Select Page

Simone Testa reports:

The event that took place at the Institute of Modern Languages Research, University of London, on 11 May 2018 celebrated a scholar whose research has always been marked by a strong multi-disciplinary character, Letizia Panizza. Participants from Europe, North America and Britain formed a very stimulating group of speakers and audience of three generations of scholars who were Letizia Panizza’s long-time friends and colleagues, and the first and second generation inspired by Panizza’s research interests.

The image on the conference poster represents the emblem of one of the Academies dear to Letizia Panizza, the Incogniti of Venice. It shows a mountain and a river, possibly the river Nile, with the motto ‘ex ignoto, notus’ (known from the unknown). As organisers, we thought that this emblem was applicable also to Letizia Panizza’s scholarly mission, not only because of her interest in the group of writers known as the Incogniti. The emblem also describes Letizia’s approaches to research, her deep knowledge of and commitment to understanding the true meaning of texts, and the scholarly background that has characterised her contributions.

Jane Everson, a long-time colleague of Letizia Panizza, and Stefano Jossa, a senior lecturer at Royal Holloway, opened the day. Everson recounted when Panizza organised two very successful events almost single-handedly, one on Renaissance Women, and another on Libertines. Jossa paid tribute to Panizza’s generosity in also sharing her knowledge through convivial moments, very much in the footsteps of the classical tradition of which she is a renowned scholar.

Letizia Panizza herself set the friendly and scholarly tone of the Symposium when she addressed Stephen Clucas, her former PhD student, just before he started his tribute, by saying: “Remember, Stephen, I know that an encomium is meant to be full of lies!” In his remarks, Clucas underlined the breadth and depth of Panizza’s contributions to scholarship: her early interests in Lorenzo Valla and humanism; the lives of Renaissance philosophers; and her groundbreaking commitment to give a voice to Early-Modern women. Within this very broad frame, Panizza has explored all sorts of discourses and literary genra: satire, poetry, political treatises, polemical arguments and philosophical debates.

The Space of Women in Early Modern Italy could take the shape of the intimacy of domestic piety (Abigail Brundin) or the literary efforts of a mother who wrote behavioural instructions to her daughter. As for spaces strictu sensu, Sandra Cavallo illustrated how the rooms of a palace, designed to host the family of Cardinal Spada in Rome, included spaces for women, which were surprisingly more subject to intrusion by males than male rooms, despite the narrative of the protection of women’s honour in those centuries.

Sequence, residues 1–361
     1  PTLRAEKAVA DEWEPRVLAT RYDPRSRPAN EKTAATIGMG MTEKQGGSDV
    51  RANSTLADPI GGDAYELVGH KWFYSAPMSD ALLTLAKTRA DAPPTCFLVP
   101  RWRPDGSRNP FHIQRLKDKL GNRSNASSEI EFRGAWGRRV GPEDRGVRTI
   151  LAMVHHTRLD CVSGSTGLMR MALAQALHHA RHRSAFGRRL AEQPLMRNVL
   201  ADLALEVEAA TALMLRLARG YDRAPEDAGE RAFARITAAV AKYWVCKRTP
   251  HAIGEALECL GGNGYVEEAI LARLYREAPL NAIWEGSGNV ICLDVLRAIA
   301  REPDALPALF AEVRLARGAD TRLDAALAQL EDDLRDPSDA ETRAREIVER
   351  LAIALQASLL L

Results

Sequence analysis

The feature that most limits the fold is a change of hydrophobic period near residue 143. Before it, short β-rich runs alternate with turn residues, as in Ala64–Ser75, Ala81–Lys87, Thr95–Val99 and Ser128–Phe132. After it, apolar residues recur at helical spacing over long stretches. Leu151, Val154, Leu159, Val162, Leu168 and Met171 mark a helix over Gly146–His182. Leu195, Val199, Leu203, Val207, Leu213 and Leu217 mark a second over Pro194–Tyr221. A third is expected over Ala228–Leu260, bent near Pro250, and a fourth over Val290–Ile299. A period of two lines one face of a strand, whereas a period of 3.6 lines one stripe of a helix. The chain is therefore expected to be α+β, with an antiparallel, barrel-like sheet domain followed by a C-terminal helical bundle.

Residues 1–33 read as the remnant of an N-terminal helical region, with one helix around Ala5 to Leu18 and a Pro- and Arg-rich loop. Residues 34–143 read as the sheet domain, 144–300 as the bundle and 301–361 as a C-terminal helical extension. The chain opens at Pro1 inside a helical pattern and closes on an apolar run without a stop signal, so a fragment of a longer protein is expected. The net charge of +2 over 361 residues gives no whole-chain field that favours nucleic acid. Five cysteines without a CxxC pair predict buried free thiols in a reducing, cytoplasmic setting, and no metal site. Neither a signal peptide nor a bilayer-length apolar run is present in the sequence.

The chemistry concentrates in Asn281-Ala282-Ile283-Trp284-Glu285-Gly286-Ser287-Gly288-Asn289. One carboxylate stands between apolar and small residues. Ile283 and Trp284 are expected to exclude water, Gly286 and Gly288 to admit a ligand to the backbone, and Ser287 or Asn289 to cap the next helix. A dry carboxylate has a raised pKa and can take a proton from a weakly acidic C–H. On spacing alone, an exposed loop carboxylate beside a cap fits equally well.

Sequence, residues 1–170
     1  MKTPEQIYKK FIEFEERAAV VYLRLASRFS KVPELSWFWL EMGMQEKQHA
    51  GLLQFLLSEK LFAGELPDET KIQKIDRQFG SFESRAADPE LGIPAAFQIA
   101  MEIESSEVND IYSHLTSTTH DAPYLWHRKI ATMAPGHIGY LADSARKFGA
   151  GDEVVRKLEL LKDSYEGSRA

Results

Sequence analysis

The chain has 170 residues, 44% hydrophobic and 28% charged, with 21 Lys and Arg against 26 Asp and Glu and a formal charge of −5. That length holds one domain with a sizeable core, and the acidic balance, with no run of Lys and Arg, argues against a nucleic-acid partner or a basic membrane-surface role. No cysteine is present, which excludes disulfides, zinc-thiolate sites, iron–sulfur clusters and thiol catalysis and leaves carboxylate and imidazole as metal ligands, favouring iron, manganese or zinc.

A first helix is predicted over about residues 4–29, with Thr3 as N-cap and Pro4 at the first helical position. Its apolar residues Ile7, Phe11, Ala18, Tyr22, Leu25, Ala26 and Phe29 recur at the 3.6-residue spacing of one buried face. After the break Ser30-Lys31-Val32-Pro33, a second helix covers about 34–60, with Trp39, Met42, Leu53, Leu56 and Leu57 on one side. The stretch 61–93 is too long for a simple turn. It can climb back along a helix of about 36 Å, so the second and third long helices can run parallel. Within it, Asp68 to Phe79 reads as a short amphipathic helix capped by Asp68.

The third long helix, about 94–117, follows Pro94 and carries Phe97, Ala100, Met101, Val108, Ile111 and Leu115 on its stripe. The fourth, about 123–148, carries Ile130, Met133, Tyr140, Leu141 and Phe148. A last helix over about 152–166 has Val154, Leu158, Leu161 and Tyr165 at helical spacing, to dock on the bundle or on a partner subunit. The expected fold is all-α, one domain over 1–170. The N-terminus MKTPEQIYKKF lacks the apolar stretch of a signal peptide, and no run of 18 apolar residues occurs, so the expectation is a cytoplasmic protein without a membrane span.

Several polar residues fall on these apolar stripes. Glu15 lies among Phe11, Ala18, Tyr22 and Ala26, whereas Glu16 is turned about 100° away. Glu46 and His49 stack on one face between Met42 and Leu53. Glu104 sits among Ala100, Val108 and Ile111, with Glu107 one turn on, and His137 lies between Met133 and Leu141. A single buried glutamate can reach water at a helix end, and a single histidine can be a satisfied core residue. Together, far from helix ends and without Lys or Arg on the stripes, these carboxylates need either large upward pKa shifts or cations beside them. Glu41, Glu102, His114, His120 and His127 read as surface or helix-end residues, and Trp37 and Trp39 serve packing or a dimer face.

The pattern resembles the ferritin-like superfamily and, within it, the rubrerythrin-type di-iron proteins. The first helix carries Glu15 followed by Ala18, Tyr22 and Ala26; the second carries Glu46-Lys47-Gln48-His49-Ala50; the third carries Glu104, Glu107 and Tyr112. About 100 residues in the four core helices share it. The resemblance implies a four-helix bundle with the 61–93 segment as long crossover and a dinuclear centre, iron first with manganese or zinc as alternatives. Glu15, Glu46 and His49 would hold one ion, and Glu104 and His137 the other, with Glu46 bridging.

The panel on poetry offered a variety of topics, spanning from Alison Brown’s new research on thus-far neglected poems by Piero de’ Medici the Unfortunate. Brown commented on the network of people surrounding Piero, including Poliziano, who was among the first readers of Piero’s poetry. Amelia Papworth explained the contradictory attitude of the poetess Laura Terracina towards a giant of Italian literature such as Ariosto. Still on Ariosto’s circulation, Ambra Anelotti illustrated the literary adaptation of the poet’s characters in the epistolary genre, in the decades between the end of the sixteenth century and middle of the seventeenth.

The roles of individuals were the focus of Unn Irene Aasdalene’s paper, which illustrated the way in which the part of the female protagonist Diotima, in Plato’s Symposium, was then used and refashioned in Ficino’s dialogue De amore. John Sellars argued that the fashion of writing philosophers’ lives in Renaissance culture matched the widespread fascination with conceiving philosophy as a way of life. Michael Allen closed the panel with reflections on Platonic ideas.
In the last panel, Marta Fattori illustrated a case study of censorship of Machiavelli in eighteenth-century Rome, where a Master of the Sacred Palace aptly defined the Florentine Secretary as an author of ambiguous faith, whose work either enthused readers or made them utterly condemn his theories. Dilwyn Knox referred to Panizza’s interest in Giordano Bruno and his Spaccio de la bestia trionfante, proposing that Bruno’s recurring maxim ‘Nature is God in Things’ was actually an expression of the coherence of his philosophy. Finally, there was a return to Panizza’s interest in the voices of Early Modern Italian women. Francesca Medioli discussed her own detailed historical research into Tarabotti’s life during the years between her taking the veil, and her connection with the prince of the Incogniti academy GiovanFrancesco Loredan.

Finally, Stephen Clucas thanked several people and institutions for their help at various stages in the organisation of the successful event emphasising the importance of Panizza’s contributions, and which attracted a large audience and saw lively debates at the end of each panel. Many thanks to the generous sponsorship of four institutions: the Society of Italian Studies; the Society for Renaissance Studies; The University of Cambridge; and Royal Holloway University of London.


Organisers: Simone Testa, Stephen Clucas, Stefano Jossa, Abigail Brundin, Susan Haskins and Chiara Bechis.

Simone Testa, International Studies Institute, Florence